Antigua and Barbuda plans to hold a referendum on becoming a republic within the next three years, the Caribbean nation's prime minister told British media in the wake of the Queen's death on Saturday, a move that could see King Charles III removed as its head of state.
Gaston Browne signed a document to confirm King Charles III's accession to the throne on Saturday but minutes later said he would push for the Commonwealth nation to cut ties within three years.
He had previously spoken of the possible move for the sovereign island country, which lies between the Caribbean Sea and the Atlantic Ocean, during a visit from the Earl and Countess of Wessex in April.
Neighbour Barbados became a republic in November last year.
At the time, Charles acknowledged the "appalling atrocity of slavery" the Caribbean island suffered.
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Barbadian President Dame Sandra Mason was among the Caribbean leaders who paid tribute to the Queen, who died suddenly on Thursday.
She called the Queen a "treasured" figure and added she will "always hold a place in our hearts".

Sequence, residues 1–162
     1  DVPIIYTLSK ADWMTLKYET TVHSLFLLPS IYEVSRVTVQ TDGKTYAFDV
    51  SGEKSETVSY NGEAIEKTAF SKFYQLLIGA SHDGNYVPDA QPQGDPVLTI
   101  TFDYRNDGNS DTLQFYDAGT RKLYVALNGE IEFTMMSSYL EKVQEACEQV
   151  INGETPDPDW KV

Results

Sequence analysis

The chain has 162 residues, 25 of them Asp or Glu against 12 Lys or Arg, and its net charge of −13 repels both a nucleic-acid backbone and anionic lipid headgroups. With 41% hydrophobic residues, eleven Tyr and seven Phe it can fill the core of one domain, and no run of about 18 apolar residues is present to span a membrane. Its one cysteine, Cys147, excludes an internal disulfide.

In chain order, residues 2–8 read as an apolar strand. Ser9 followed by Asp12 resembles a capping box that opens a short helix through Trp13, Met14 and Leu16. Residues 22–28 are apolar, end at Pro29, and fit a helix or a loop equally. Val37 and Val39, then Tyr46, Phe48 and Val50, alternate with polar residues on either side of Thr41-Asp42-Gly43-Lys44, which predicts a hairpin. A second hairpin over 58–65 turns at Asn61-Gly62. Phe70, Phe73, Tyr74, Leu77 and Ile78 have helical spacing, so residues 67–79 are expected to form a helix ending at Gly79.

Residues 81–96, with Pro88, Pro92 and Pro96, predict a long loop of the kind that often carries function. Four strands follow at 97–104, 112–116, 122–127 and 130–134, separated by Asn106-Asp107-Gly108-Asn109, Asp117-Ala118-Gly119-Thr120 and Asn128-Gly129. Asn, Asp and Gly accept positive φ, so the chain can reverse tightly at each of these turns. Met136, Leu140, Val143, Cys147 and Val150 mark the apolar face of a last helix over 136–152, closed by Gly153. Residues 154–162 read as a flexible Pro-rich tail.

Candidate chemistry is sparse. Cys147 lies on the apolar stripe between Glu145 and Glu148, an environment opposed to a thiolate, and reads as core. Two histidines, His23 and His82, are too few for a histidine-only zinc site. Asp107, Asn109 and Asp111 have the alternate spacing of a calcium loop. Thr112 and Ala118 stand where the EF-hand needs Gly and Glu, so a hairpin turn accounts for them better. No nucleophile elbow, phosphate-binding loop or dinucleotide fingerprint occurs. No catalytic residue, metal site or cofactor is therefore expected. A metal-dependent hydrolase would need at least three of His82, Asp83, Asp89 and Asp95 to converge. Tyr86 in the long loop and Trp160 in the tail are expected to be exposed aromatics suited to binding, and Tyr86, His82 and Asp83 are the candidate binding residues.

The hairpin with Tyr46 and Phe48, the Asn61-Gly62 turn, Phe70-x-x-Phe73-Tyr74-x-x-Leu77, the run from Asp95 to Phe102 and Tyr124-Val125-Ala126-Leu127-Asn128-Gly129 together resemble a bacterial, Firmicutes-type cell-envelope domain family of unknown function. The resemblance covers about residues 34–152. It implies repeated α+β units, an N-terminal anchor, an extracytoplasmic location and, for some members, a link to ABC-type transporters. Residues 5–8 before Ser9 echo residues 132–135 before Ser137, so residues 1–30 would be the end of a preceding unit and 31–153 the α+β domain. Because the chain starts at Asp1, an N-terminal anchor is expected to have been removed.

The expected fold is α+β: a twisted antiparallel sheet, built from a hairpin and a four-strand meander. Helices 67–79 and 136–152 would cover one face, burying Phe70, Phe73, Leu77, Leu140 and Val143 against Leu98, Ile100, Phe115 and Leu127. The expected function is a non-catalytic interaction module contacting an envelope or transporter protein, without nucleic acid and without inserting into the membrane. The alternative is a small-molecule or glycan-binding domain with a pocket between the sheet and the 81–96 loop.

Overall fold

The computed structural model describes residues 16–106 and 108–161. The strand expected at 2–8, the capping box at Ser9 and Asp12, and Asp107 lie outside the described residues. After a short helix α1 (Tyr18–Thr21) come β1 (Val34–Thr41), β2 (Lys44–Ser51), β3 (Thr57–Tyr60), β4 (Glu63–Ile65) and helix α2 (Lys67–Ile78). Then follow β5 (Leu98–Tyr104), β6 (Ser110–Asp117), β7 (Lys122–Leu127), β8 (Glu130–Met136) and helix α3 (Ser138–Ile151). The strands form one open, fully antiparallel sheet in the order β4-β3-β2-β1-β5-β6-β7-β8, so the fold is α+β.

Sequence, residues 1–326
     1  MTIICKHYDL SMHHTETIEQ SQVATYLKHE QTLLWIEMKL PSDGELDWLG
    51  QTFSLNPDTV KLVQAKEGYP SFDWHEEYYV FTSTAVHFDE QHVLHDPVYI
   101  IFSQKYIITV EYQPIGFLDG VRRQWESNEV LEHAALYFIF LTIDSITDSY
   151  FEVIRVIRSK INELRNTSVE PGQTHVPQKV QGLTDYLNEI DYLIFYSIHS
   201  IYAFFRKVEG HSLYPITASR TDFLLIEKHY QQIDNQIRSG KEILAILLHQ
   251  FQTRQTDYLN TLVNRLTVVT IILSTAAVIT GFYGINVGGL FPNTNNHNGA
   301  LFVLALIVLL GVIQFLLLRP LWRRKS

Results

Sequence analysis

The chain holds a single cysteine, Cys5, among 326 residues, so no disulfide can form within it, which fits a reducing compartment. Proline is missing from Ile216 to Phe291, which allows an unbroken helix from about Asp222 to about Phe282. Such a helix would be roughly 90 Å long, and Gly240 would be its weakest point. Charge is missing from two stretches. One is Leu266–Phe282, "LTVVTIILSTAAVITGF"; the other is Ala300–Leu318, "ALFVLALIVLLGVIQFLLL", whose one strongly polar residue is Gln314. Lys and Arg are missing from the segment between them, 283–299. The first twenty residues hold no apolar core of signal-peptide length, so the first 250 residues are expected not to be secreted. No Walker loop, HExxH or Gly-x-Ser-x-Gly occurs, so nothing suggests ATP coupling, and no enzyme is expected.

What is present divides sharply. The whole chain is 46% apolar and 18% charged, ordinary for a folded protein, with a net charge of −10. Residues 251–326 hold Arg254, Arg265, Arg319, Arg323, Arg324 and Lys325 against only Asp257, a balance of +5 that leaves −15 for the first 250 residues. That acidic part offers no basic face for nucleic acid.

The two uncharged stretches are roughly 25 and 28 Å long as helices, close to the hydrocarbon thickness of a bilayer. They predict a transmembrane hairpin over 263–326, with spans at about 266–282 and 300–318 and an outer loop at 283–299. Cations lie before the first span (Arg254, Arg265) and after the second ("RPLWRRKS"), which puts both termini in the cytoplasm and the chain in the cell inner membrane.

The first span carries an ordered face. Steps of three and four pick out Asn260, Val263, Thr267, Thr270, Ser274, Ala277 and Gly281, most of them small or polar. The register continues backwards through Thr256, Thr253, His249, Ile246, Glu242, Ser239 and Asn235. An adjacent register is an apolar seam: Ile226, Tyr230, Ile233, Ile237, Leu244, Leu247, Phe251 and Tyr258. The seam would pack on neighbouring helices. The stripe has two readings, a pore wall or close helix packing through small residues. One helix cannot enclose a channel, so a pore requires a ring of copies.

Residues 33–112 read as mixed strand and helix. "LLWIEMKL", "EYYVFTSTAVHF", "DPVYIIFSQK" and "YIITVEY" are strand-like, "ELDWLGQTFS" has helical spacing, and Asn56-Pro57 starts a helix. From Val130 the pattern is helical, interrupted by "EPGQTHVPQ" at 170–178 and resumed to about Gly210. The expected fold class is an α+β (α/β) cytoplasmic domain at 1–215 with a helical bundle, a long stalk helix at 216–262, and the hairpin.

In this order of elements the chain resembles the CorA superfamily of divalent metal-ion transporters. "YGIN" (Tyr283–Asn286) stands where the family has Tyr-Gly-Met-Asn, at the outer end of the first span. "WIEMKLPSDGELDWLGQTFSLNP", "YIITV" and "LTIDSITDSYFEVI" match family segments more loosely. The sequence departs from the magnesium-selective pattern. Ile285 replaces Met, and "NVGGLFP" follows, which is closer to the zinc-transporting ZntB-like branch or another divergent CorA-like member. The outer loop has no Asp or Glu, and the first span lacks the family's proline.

Mr Browne told ITV : "This is not an act of hostility or any difference between Antigua and Barbuda and the monarchy, but it is the final step to complete that circle of independence, to ensure that we are truly a sovereign nation.
Asked about the timeframe, he said: "I'd say probably within the next three years."
He added that the nation would remain a member of the Commonwealth even as a republic.
Antigua and Barbuda is one of 14 nations - besides the UK - to retain the British monarch as head of state.
The nation has a population of less than 100,000, according to official data.
Mr Browne urged the Wessexes earlier this year to use their "diplomatic influence" to achieve "reparatory justice" for slavery.
Prince Edward was labelled "arrogant" after making light of the situation by joking he was taking notes.
In March, the new Prince and Princess of Wales, William and Kate, were criticised for their 'tone deaf' tour of the Caribbean, including shaking hands with crowds from behind a mesh fence and riding around in an open top Land Rover in Jamaica.
Demonstrators suggested such images harked by the colonial times and urged them to pay reparations due to the British economy being "built on the backs" of Bahamians.
Jamaica PM Andrew Holness told the Waleses his country might be the next to become a republic.
A minister from Belize also said it was perhaps time to "take the next step" in "owning our independence".
Despite the growing republican push across the region, Mr Browne - who is up for re-election next year - said he was not responding to a widespread push from Antiguans to hold a vote.
"I think most people haven't even bothered to think about it," he said.
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